Overview: Building two-way trust with teams should be a top priority of intelligent leaders. They must nurture and support trust during every stage of the team-forming process and beyond. Leadership coaching can provide recipes for leaders to handle trust issues and build stronger teams through empowerment, engagement, and motivation.
Trust is the cornerstone of professional relationships. Leaders’ relationships with teams and employees rely heavily on trust. Without mutual trust, leaders cannot empower, engage, or motivate teams. It takes trust to get employees to buy into organizational purposes and adopt company values as their own.
Leadership trust is special. Leadership coaching treats it as the central element of intelligent leadership. The best leader you’ve had was probably great at building trust.
Leadership Trust Is a Two-Way Street
When employees trust leaders, productivity soars. People are eager to work together in alignment with organizational values for what they perceive as common causes.
When leaders trust teams, obstacles to productive employee-leader relationships disappear. Leaders who trust teams find it easy to continue building trust, empower employees, and motivate them. Employee-leader trust is a virtuous circle that keeps yielding favorable outcomes.
Trust is like a living, breathing entity that determines the health of a relationship. It is not a static quantity you earn once and exploit for as long as a relationship lasts. Trust ebbs and flows naturally; it requires constant nurturing to maintain.
Team Formation, Trust, and the Role of a Leader in Building Trust
The ebb and flow of trust depend on many factors. One of the most significant is the formation stage a team is currently at.
Per Tuckman’s Stages of Group Development, teams go through four stages of formation on their way to becoming high-performing groups.
- The forming stage, where team members get acquainted, requires one-way communication from a leader. During this stage, the leader opens communication channels between team members, provides clarity regarding responsibilities and roles, defines goals, and keeps the flow of information transparent. This stage allows the leader to lay the foundations of trust. When she took over the leadership of a nonprofit organization reeling from accusations of mismanagement, Martha McClellan (not her real name) knew she had to start building trust with employees right away. Her first gesture was to remove a door separating the executive offices from the lobby. The symbolic move was wildly popular and gave her trust-building efforts a head start.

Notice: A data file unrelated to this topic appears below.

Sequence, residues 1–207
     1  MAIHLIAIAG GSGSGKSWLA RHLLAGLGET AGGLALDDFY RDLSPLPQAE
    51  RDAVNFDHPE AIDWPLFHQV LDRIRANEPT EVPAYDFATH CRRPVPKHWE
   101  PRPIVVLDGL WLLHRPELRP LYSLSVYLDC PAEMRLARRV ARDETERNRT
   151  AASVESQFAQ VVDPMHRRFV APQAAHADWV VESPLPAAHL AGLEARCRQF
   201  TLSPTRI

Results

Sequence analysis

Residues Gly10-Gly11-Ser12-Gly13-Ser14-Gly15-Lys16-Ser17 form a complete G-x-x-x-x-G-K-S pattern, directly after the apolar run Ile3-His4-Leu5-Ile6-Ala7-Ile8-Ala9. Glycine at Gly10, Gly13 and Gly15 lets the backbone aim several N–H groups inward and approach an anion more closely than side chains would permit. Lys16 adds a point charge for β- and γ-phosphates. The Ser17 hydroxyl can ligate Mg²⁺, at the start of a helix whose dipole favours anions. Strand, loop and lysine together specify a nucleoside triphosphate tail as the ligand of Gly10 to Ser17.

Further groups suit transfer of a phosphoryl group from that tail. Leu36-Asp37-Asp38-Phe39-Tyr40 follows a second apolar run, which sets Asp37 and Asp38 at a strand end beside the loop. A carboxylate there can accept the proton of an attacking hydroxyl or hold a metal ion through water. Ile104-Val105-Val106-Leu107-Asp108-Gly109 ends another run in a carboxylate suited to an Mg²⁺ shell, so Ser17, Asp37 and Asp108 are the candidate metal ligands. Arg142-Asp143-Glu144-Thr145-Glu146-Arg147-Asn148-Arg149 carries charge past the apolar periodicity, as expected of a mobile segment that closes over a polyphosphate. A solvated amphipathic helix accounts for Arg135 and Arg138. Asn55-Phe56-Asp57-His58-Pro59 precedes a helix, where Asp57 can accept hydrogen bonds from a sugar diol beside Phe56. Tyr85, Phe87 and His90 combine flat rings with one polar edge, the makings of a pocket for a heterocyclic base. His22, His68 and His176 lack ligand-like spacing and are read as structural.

- The storming stage requires a cautious approach. This is the stage of the birthing pangs of the group. Conflicts abound and require the leader to manage friction. The storming stage requires leaders to be assertive while showing respect for individuals, get comfortable with non-verbal communication, and get group members to appreciate differences in each other.
- During the norming stage, group cohesion develops. The leader can facilitate trust-building by having regular meetings, one-on-ones, and embarking on team-building activities.
- In the performing stage, interdependence and flexibility merge the team into a highly productive organism. During this stage, leaders begin to focus on maintaining existing trust. When he noticed a dip in employee trust following the termination of employees who no longer adhered to company values, Timothy Garcia (not his real name) decided to tackle the issue head-on. He called a meeting and let remaining employees know the company had no intentions or reasons to make a trend of the recent incidents. He also explained why without sugarcoating the matter. Employee trust levels soon rebounded.
Trust is a delicate thing. Once broken, it is difficult to regain. It requires constant nurturing. As the supporting pillar of intelligent leadership, it deserves constant attention.
Leadership coaching recognizes leadership trust as the centerpiece of effective leadership. Executive coaching experts can help leaders build two-way trust between employees and managers.